Serhan, I would recommend teaming up with someone experienced with the sale and/or purchase of default properties. All the terms you are asking about relate to properties in default.
In California there are a few stages of the non-judicial foreclosure process. Here is a brief overview of the process which will help clarify the terminology you are seeing on some properties on the market and advertised online.
When an owner has a mortgage and stops making their mortgage payments they are what's known as being in default.
The lender/bank then notifies the owners that they have missed payments and if payment isn't received, the bank will move to foreclose. After 30 days, the bank will publicly record a document called a "Notice of Default".
Usually about 90 days later, the bank can record a "Notice of Trustee's Sale" at which point the bank has scheduled a date to sell the property at a public auction. If the owner still cannot bring their mortgage up to date with payments and fees prior to the Trustee's Sale (or if they cannot begin one of many ways to postpone the sale date) - the bank will take back the property -- the property then is commonly known as "Bank owned", "Foreclosure" or REO.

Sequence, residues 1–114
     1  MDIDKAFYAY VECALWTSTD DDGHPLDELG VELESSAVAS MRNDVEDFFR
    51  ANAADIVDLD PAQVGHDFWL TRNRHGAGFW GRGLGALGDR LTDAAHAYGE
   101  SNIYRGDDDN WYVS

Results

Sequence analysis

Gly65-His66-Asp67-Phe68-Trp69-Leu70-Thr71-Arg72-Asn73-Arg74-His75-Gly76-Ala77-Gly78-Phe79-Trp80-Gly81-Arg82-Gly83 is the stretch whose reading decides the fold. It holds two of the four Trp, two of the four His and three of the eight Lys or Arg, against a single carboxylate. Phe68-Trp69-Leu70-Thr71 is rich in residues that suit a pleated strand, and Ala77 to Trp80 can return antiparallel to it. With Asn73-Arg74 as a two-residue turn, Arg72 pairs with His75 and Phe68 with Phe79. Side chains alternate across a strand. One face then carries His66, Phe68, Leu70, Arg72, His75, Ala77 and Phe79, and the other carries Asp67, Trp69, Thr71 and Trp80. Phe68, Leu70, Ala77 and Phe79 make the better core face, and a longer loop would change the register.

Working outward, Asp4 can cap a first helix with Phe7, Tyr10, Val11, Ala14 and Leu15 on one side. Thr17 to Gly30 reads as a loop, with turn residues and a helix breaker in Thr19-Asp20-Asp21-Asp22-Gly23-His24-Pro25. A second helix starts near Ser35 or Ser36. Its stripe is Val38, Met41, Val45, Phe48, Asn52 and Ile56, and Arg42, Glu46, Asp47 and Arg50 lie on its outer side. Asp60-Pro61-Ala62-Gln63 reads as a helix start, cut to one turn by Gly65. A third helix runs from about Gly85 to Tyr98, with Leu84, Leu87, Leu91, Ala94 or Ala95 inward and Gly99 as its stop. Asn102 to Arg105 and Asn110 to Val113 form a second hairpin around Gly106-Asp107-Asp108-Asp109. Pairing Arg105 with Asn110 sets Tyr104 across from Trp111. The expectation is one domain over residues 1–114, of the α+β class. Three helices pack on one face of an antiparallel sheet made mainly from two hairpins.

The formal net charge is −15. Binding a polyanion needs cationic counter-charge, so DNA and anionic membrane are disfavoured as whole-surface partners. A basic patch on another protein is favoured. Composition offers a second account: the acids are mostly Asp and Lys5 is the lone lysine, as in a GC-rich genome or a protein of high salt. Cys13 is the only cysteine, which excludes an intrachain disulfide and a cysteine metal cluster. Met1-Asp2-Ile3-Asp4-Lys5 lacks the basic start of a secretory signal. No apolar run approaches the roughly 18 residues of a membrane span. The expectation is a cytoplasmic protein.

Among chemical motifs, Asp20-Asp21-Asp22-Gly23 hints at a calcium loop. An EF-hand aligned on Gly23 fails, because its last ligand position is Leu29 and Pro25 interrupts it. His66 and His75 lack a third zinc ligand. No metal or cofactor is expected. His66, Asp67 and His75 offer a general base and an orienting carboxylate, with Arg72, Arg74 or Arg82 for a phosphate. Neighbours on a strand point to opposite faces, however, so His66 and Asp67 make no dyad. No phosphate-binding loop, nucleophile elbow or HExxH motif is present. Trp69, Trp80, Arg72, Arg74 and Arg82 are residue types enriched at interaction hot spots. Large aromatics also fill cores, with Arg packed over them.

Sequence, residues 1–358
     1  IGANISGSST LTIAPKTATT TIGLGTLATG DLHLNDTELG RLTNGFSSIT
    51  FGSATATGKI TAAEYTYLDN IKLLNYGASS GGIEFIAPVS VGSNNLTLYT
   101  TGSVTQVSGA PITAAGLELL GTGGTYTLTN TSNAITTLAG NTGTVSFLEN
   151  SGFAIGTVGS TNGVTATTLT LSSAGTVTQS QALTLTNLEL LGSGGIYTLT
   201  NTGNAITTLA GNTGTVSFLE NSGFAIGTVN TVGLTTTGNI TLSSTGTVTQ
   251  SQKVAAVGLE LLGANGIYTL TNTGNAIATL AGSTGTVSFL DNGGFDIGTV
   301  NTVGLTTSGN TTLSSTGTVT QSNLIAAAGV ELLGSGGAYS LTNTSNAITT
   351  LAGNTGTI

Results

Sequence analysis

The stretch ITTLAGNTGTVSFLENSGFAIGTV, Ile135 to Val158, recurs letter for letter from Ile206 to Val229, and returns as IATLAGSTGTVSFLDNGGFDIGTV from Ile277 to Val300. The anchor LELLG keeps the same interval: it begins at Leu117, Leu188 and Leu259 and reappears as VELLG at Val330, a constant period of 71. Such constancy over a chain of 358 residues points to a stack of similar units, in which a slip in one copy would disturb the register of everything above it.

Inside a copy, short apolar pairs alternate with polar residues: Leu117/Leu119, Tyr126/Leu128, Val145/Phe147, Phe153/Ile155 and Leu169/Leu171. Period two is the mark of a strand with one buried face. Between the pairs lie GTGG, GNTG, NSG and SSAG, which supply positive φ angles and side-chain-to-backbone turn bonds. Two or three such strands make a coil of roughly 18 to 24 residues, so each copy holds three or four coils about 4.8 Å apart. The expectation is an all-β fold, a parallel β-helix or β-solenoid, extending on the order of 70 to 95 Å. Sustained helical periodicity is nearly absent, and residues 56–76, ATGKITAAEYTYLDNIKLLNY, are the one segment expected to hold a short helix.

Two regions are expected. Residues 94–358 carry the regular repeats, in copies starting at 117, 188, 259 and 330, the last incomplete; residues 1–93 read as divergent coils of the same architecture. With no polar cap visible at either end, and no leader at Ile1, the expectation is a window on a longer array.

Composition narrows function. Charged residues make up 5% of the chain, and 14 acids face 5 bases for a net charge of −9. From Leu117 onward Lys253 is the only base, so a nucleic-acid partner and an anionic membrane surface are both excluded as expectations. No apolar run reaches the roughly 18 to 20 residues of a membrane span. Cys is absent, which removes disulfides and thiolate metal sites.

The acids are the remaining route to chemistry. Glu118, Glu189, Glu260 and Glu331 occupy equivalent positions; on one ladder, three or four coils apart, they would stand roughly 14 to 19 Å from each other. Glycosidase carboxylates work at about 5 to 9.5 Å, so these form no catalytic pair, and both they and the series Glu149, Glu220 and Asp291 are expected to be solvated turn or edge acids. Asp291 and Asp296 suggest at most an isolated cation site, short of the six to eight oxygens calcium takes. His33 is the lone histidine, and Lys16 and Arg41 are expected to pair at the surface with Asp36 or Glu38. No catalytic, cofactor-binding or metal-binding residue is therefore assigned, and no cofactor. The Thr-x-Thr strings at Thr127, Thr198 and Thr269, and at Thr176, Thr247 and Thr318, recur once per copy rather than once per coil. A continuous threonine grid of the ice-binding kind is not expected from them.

Once a property is foreclosed, the bank's will market the property with a real estate agent and/or put the property up on an auction site. It usually depends on the bank, the current condition of the property and/or properties fair market value currently and in the near future.
Properties advertised with the disclosures Notice of Default, Auction or Bank Owned tend to relate to what stage of the foreclosure process the owner is in. Typically Bank Owned and Auction properties are sold in as-is condition with little to no additional disclosures relating to past repairs/issues as once it's Bank Owned, the owner is a bank (or servicing company) and they've never lived in the property.
Many times a property with a Notice of Default may be sold in what's called a Short Sale. This only happens if the fair market value of the property is less than what the owner needs to payoff their mortgage. The owner will need to get their bank' or banks approval to accept a lower payoff amount than the actual balance. This has the potential to requiring additional time during the purchase process.
I also agree with Jes on consulting a tax consultant regarding any different fees or procedures as a foreign investor.
Brian Selem - #01056044
Los Angeles, CA 90049